UBC Faculty Research and Publications

Comprehensive SPECT/CT system characterization and calibration for 177Lu quantitative SPECT (QSPECT) with dead-time correction Frezza, Andrea; Desport, Corentin; Uribe, Carlos; Zhao, Wei; Celler, Anna; Després, Philippe; Beauregard, Jean-Mathieu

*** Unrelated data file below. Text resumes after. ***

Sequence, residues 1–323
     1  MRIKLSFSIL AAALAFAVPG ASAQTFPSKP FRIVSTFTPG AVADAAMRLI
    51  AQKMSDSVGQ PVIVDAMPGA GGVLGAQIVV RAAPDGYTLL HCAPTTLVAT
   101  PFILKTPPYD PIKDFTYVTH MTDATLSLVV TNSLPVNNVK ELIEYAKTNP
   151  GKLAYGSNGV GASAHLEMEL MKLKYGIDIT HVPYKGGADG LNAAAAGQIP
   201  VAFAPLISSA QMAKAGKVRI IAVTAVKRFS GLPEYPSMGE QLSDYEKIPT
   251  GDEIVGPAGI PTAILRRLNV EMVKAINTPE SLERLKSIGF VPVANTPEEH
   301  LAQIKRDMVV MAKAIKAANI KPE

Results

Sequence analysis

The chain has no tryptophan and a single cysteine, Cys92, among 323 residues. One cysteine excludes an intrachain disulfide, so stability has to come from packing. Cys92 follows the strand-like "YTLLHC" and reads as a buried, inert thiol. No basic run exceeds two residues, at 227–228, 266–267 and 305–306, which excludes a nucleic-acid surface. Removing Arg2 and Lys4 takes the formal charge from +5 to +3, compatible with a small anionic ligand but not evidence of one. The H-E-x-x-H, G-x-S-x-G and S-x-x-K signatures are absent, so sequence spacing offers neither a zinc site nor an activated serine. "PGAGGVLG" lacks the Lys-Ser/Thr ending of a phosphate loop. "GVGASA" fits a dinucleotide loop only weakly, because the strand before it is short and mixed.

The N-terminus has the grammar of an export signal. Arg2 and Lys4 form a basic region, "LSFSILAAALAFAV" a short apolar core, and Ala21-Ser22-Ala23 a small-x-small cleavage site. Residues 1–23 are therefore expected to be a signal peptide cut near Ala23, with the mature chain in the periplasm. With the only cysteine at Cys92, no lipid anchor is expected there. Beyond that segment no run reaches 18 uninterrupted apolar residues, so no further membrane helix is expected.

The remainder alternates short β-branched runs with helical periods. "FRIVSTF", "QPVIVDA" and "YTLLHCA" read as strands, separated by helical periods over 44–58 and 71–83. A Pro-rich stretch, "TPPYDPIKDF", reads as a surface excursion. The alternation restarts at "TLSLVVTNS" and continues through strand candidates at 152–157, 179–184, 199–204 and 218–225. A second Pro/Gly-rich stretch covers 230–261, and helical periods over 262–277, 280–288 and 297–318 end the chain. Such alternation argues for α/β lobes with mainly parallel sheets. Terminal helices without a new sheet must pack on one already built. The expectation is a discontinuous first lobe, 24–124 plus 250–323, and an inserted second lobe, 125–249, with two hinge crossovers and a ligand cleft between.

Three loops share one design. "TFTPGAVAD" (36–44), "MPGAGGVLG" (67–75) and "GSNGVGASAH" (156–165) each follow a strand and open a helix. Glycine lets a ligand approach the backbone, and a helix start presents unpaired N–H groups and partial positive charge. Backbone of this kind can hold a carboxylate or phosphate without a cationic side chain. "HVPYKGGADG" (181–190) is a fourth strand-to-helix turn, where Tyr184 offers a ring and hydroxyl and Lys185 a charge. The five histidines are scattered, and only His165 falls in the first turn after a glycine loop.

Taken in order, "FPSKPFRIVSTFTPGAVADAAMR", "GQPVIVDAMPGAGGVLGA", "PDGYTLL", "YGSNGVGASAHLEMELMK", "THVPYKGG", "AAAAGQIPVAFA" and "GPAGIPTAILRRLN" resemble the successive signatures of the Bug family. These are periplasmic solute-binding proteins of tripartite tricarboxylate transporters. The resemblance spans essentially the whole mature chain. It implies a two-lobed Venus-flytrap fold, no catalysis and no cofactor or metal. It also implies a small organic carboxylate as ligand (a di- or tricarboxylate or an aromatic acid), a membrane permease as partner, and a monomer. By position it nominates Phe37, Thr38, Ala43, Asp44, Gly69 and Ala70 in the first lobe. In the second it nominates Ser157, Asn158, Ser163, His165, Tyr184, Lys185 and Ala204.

Abstract Background Personalization of ¹⁷⁷Lu-based radionuclide therapy requires implementation of dosimetry methods that are both accurate and practical enough for routine clinical use. Quantitative single-photon emission computed tomography/computed tomography (QSPECT/CT) is the preferred scanning modality to achieve this and necessitates characterizing the response of the camera, and calibrating it, over the full range of therapeutic activities and system capacity. Various methods to determine the camera calibration factor (CF) and the deadtime constant (τ) were investigated, with the aim to design a simple and robust protocol for quantitative ¹⁷⁷Lu imaging. Methods The SPECT/CT camera was equipped with a medium energy collimator. Multiple phantoms were used to reproduce various attenuation conditions: rod sources in air or water-equivalent media, as well as a Jaszczak phantom with inserts. Planar and tomographic images of a wide range of activities were acquired, with multiple energy windows for scatter correction (double or triple energy window technique) as well as count rate monitoring over a large spectrum of energy. Dead time was modelled using the paralysable model. CF and τ were deduced by curve fitting either separately in two steps (CF determined first using a subset of low-activity acquisitions, then τ determined using the full range of activity) or at once (both CF and τ determined using the full range of activity). Total or segmented activity in the SPECT field of view was computed. Finally, these methods were compared in terms of accuracy to recover the known activity, in particular when planar-derived parameters were applied to the SPECT data. Results The SPECT camera was shown to operate as expected on a finite count rate range (up to ~ 350 kcps over the entire energy spectrum). CF and τ from planar (sources in air) and SPECT segmented Jaszczak data yielded a very good agreement (CF < 1% and τ < 3%). Determining CF and τ from a single curve fit made dead-time-corrected images less prone to overestimating recovered activity. Using triple-energy window scatter correction while acquiring one or more additional energy window(s) to enable wide-spectrum count rate monitoring (i.e. ranging 55–250 or 18–680 keV) yielded the most consistent results across the various geometries. The final, planar-derived calibration parameters for our system were a CF of 9.36 ± 0.01 cps/MBq and a τ of 0.550 ± 0.003 μs. Using the latter, the activity in a Jaszczak phantom could be quantified by QSPECT with an accuracy of 0.02 ± 1.10%. Conclusions Serial planar acquisitions of sources in air using an activity range covering the full operational capacity of the SPECT/CT system, with multiple energy windows for wide-spectrum count rate monitoring, and followed by simultaneous determination of CF and τ using a single equation derived from the paralysable model, constitutes a practical method to enable accurate dead-time-corrected QSPECT imaging in a post-¹⁷⁷Lu radionuclide therapy setting.

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